They probably did this because if Assassin's Creed actually had any competition, they might have to actually improve the game.

Kravyn81
Kravyn81

However you slice it, that's some shitty luck right there. Imagine leaving a company to work at another company and start fresh. Then THAT company goes under only to be bought out by the company you just left and then get fired on top of that?

madgame23
madgame23

when Ubisoft acquired THQ Montreal, they took on every contract and agreement that they had in the acquisition.  So in essence, as long as the agreement was written and not verbal, he has a case against Ubisoft.  I feel that Ubisoft didn't wish to pursue that game because the timeframe and probably the gameplay would be too similar to Assassin's Creed so they canned it, I mean you have Black Flag coming out and several games, I the series, have occurred back in time.  He probably fought to maintain it, under both his contract and the original agreement, and they fought back and decided to remove him.  As such his case has merit and should not be taken lightly.  However, if his actions were having a detrimental effect on productivity then they had merit in firing him but he still had a contract and should still be paid for it.

91210user
91210user

I'm not sure who got comfortable, Him or Ubisoft! Maybe he's just buying some time or going on a worker man rampage and blaming people like it's everyone's business!

pakhair
pakhair

BTW WTH is 1666 that Ubi canceled? (I mean gameplay wise). I think they (UBI) have every right to cancel a project which they bought, there is nothing unlawful but I think they should sell it if they don't intend to release the game

pakhair
pakhair

Wish him luck BUT I think he is gonna loose, his lawsuit seems weak unless there are some hidden points in his contract, which grant him property over the product, in that case he might sue them.  And if he (himself) has no share in IP then the case has no merit.

It's somewhat Brutal Legend all over again although there is some firing involved

toddx77
toddx77

I love Assassins Creed but kind of feel bad now for wanting to buy Assassins Creed IV because of what Ubisoft has done to this guy.  

anthony7648
anthony7648

It seemed highly likely for Ubisoft to turn 1666 into another AC game which went against Patrice's wishes. I support him 110%.

Zloth2
Zloth2

So what ever happened to that lawsuit regarding AC's story?  Some author wrote a story strikingly similar to AC's story just a few years before the game released.  Should I assume "settled out of court for an undisclosed sum of money and no admission of wrongdoing?"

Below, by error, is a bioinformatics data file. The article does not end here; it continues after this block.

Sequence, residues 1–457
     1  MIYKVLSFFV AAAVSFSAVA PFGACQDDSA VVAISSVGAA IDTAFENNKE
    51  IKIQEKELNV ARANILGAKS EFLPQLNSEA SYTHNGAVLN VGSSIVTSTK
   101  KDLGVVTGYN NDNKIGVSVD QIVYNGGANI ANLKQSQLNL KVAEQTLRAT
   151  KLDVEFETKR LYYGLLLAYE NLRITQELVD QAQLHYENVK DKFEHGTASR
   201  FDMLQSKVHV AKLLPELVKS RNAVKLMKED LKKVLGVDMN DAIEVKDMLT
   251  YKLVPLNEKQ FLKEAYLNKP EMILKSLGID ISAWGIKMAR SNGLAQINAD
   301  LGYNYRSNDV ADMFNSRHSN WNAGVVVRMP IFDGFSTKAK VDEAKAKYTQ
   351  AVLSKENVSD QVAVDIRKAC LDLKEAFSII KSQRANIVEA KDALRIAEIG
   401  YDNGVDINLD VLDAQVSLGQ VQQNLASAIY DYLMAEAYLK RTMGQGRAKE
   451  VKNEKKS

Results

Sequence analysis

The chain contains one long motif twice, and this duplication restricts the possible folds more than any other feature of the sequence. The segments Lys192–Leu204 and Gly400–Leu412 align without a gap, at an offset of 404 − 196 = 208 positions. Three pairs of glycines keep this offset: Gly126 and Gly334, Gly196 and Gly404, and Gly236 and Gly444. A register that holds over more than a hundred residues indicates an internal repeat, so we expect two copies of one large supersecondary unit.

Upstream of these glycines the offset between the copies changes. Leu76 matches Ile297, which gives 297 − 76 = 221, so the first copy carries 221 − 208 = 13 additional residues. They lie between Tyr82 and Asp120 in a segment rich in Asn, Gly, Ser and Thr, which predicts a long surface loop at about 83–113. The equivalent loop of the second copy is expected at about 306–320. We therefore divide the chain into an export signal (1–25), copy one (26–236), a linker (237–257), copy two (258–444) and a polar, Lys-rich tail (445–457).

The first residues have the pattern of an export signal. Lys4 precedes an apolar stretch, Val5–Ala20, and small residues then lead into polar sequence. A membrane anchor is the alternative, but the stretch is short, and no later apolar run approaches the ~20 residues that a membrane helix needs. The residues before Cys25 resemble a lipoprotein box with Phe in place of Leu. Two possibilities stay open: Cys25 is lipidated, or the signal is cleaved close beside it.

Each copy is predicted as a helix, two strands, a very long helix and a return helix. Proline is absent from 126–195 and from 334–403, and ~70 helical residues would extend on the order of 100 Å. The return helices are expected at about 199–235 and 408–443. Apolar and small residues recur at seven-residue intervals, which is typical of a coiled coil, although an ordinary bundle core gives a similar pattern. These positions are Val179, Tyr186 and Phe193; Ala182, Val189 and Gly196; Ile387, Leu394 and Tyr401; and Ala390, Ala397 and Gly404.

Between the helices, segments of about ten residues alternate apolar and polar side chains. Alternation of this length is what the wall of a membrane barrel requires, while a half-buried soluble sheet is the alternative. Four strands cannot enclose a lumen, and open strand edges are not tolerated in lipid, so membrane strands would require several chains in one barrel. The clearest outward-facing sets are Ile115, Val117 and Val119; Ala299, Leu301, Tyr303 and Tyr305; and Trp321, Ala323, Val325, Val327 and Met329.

csward
csward

@skeet1964 It's A LOT harder to get fired in France than the U.S. It's part of the reason their employment is so high. You can't be fired for any reason at any time there, ect.

McGregor
McGregor

@zeeshan810 While working hard is how this should work, and a lot of time it will; the reality is that too many people become successful by who they know, not what they know.

the_big_doggg
the_big_doggg

@zeeshan810

Yeah its called being successful, happens to people who work hard instead of complaining.

Bsgifford05
Bsgifford05

@hadlee73 This will be handled in civil court.  Basically if you feel you have a right to something and enough money to "buy the time" in court to argue your point you can get a legal ruling on a lot of non-criminal issues.

Kravyn81
Kravyn81

@hadlee73 Well welcome to America! Where people can actually sue a company in court (and win) for spilling hot coffee in their own lap when they knew it was hot to begin with! America, setting a new standard for stupidity every day!

McGregor
McGregor

@madgame23 Another thing to consider is if the purchasing agreement included a clause the rendered current contracts void. I'm not sure if it's possible to void a contract, but since THQ is no longer a company, a THQ contract technically was already void, since there isn't a party to enforce one side of it.

If Désilets actually owned the IP, and was publishing through THQ, then this might be a different story. Judging by him trying to purchase rights to the game, I'd say he didn't own it. I do wonder if the creative ideas behind the game are his, and he brought them to THQ, this could be interesting. Ultimately, the company should let him buy the IP to avoid the courtroom. If the game is a direct competitor for AC, then they should definitely sell it. Competition leads to innovation.

Thanatos2k
Thanatos2k

@toddx77 After what happened to the series after AC2 you should feel bad you bought any of them after that!

skeet1964
skeet1964

@csward @skeet1964 Interesting to know, but wasn't he employed in Montreal, Quebec, Canada.  Since it is a French company though, do the same laws apply in Canada?

ReginaldSpanke
ReginaldSpanke

@AggrandizedUser @Dirty_11 Nguhuehehehaha! Good one sir! You have thoroughly brought my whiskers to a reverse arc and my snickers into mighty harhars! Good show!

the_big_doggg
the_big_doggg

@McGregor 

Nobody said the world was fair son. Sick of you libtards and you cynical nihilism BS.

ReginaldSpanke
ReginaldSpanke

@the_big_doggg @zeeshan810 Nguhahaha! My good sir, good money comes from connections and who can sell the best lie! Nghuahah! The young boys are always the most naive! Thinking the world is fair and just heughaha. Good day young master! Don't be so gullible, it can land you in some hot water!

ArabrockermanX
ArabrockermanX

@Kravyn81 @hadlee73 Actually the whole hot coffee in the lap thing has been blown way out of proportion, McDonald's deserved to lose their *** on that one.

the_big_doggg
the_big_doggg

@Kravyn81 

Actually its in France. Next time try reading the article before you rant.